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Gary gets tougher on used cellphones

Businesses in Gary will have a harder time trying to sell used cell phones after the Gary Common Council passed a ordinance that requires a longer waiting period before selling the device.

Before the ordinance, businesses had to wait three days before they could wipe out a used cellphone’s memory prior to it being sold. On Tuesday, March 1, the City Council passed an ordinance that extended the waiting period to five days, which will allow police time to fully examine the used cellphones. Police check the phones to see if it has been used in any criminal activity or if the device was stolen. Council members also said the longer period allows original owners more time to claim their lost cell phones.

Councilwoman LaVetta Sparks-Wade (D-6th) said the ordinance was needed. Sparks-Wade said she has lost cellphones and users can feel violated if their devices were sold after they were stolen or lost.

Councilwoman Rebecca Wyatt, D-1st, said she approved the measure because, “it will make it more difficult for someone to sell a phone they have stolen.”

The bill was originally sponsored by Councilwoman Linda Barnes-Caldwell, (D-5th).

The ordinance would require anyone trying to sell a used cellphone to produce a driver’s license or state identification card. Used cellphone buyers would be required to take a picture of the device and record its mobile equipment identifier, international mobile station equipment identity or electronic serial number.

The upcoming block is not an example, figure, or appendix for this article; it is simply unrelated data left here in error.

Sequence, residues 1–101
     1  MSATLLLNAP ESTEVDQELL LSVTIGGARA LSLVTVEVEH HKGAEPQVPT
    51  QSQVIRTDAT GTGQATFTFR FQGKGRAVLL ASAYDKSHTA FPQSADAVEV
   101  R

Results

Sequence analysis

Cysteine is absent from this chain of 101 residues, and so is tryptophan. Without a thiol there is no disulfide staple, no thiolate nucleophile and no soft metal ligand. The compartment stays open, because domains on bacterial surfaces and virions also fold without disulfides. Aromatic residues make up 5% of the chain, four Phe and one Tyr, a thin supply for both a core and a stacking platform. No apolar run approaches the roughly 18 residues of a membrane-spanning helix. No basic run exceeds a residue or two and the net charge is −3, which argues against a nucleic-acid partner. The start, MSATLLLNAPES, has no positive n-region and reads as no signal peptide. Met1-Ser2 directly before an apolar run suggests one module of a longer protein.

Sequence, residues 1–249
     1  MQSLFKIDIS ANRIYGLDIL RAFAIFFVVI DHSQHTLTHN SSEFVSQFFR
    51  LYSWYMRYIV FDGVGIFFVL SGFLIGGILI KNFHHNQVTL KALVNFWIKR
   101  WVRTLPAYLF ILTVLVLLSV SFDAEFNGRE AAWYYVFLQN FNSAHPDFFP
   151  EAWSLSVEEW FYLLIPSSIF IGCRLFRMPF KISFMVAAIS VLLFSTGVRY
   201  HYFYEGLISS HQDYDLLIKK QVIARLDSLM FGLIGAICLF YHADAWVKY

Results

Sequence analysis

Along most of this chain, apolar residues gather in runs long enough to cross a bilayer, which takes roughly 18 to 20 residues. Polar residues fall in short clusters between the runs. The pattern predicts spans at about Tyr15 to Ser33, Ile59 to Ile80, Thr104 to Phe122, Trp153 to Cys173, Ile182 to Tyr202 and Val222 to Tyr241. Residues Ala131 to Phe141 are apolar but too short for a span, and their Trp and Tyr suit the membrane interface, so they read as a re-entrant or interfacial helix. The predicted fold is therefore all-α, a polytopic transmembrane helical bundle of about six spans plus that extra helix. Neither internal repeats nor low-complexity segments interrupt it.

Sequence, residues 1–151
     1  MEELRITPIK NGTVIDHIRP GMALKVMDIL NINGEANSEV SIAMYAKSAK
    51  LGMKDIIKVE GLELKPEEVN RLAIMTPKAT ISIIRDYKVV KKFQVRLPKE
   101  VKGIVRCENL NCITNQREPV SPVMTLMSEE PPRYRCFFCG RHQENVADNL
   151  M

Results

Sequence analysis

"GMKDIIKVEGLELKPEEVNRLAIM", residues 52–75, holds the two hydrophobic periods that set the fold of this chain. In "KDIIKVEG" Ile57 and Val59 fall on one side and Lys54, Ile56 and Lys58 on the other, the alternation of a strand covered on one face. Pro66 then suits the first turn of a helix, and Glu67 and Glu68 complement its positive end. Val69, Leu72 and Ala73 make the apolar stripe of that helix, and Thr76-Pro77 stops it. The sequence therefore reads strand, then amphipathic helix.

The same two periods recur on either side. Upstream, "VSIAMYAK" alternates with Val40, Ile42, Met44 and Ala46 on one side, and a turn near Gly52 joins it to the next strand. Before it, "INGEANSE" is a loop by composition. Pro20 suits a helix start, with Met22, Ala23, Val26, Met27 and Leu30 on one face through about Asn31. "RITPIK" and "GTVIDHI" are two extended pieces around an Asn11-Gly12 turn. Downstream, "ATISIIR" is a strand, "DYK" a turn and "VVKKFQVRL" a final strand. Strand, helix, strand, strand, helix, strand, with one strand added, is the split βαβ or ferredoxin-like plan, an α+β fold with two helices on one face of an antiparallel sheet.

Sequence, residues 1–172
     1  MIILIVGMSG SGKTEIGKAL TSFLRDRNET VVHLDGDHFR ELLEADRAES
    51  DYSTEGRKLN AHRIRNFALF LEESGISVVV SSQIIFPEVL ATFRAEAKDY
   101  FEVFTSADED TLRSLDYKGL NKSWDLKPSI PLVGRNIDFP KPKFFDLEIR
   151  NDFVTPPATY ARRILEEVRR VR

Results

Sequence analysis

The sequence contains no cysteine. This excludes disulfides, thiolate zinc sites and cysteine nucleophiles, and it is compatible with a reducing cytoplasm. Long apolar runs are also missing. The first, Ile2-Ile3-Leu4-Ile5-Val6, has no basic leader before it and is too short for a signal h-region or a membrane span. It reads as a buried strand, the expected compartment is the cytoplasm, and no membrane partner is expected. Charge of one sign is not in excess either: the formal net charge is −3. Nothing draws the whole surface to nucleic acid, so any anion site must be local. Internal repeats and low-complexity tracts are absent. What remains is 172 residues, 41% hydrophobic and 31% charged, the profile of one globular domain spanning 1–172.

The information would then have to be forwarded to the Gary Police Department on a daily basis. Officials from state or federal law enforcement agencies are also entitled to the information.

Businesses who violate the proposed ordinance could face fines between $500-$2,500 in Gary City Court, with repeat offenders facing fines up to $7,500.

Hammond passed a similar ordinance last year, but that law requires a 24-hour waiting period before a cellphone’s memory can be wiped clean.

Police Chief Larry McKinley also said the longer waiting period could increase the chances that cellphones reported stolen could be recovered and returned to their original owners.

McKinley believes the ordinance would help cut down on cellphone thefts, which is a major problem in Gary. McKinley did not provide any statistics on cellphone thefts.


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